With temperatures in the negatives and a wall of snow accumulating at our doorstep, I’ve had a lot of quiet time lately. I’ve been attentive to all the little gestures and rituals that have become so familiar to me. Whipping toothpaste on my brush in the morning. Putting away dishes as I wait for my tea to steep and my oatmeal to heat up. Touching the soil of the plants as I pass, to check if they need water (they often do). These motions, which have become second nature, give me a sense of relief and confidence. They make me feel settled.
My rituals were very different, no more than a month ago. I’d rush to throw on some clothes, then drive half an hour to work. At night, I would check my email while jumping into pajamas, then slump into a deeply satisfying sleep. The days flew by. Now they tick. Literally–right now, I can hear the ticking of all the clocks in the house, disconcertingly out of tandem. I love this phase of my life.
I think these motions will be different in a year, or even a few months. Stasis, then change. Then another bout of stasis. These cycles delight me. They make me eager to see what’s next, even as I’m enjoying the stillness of the moment.
We have a New Year’s Eve tradition. We turn on an epic movie (something with elves or wizards) and have a long, indoor picnic, just the two of us. The fondue pot burbles with cheesy gold, the pretzel bread is crisp and hot, and the cork gets popped with its usual celebratory flair. We always flag around 11:30 (late-night owls we are not), but try to soldier on through the last half hour.
When we started this tradition four years ago in our little turn-of-the-century apartment in Chicago, Dan hid my engagement ring under the couch, where it would be accessible through the night. He was brave that year. We were watching possibly the most unromantic scene in the most unromantic movie (a bloody orc battle in The Lord of the Rings) and I was in an inexplicably bad mood (if a human being can growl, I growled), but he still reached for the ring. Still told me all the things he’d planned to say. Like I said: brave.
So the new year has always been full of promises for us. Promises to be more loving, more adventurous. To grow together, to be the most joyful and creative versions of ourselves. All promises worth keeping. May 2014 be as full as 2013!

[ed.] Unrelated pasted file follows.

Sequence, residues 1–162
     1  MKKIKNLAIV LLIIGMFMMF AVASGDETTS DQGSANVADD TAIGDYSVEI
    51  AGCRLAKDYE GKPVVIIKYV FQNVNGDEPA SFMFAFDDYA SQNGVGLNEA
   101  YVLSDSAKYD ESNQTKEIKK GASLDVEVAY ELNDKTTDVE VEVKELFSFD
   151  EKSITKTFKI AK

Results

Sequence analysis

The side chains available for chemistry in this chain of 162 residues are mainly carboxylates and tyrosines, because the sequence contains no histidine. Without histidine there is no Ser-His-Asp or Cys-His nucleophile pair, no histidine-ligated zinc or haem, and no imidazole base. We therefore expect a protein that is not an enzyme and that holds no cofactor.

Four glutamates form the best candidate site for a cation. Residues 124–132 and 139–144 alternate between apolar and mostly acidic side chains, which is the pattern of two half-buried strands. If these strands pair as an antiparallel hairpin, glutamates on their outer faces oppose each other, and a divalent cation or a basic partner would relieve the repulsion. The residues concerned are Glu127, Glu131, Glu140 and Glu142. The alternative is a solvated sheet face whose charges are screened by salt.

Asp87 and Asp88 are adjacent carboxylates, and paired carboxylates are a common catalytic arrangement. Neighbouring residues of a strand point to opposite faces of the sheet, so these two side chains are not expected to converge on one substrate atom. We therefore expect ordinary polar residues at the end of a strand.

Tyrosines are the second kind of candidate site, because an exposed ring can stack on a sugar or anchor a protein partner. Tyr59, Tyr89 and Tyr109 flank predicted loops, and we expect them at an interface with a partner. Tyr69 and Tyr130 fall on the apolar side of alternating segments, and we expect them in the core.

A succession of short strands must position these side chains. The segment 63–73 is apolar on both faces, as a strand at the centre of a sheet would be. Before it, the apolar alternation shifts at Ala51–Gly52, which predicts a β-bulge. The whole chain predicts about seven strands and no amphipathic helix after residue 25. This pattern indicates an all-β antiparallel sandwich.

We’re up to our ears in the stuff. But one of the things I’ve begun to appreciate about living in the Snow Belt is the impossible, intoxicating quiet that comes with this weather. There’s such movement (the constant fall of flakes, branches sliding ever-lower from the weight of their new burdens), but it’s all somehow shrouded in silence.
In the heart of this gentle blizzard, I’m currently…
Reading: Miriam’s Kitchen and The Telling Room
Drinking: endless cups of vanilla chai; plus a Belgian ale after-hours
Smelling: a whiff of the South from a magnolia candle on my desk
Thinking about: upcoming visits with some beloved friends
Craving: a blanket and my bed
Stay warm, wherever you may be!
When we first bought our house, I went on and on about how much I loved its little nooks and crannies. There were dozens of spots to sit by a window—places to put mugs of tea, half-read books, vases of flowers. Places to relax and chat and daydream. Quickly, I found that my favorite spot was in my second story nook: a home studio high up in the trees.
There, I could be alone with my thoughts, with my music humming in the background, the scrabble of squirrel feet across the branches. I’ve dreamed up many big ideas here—some feasible, others a bit out of reach. It’s served as my personal creative retreat.
Especially since I’ve begun my own freelance business, my office is I spend the most time. This Second Story Nook, a natural extension of my home studio, will be a place to gather inspiration about all things related to design, books, food, and lifestyle. It’s the quietest, yet liveliest corner of my home.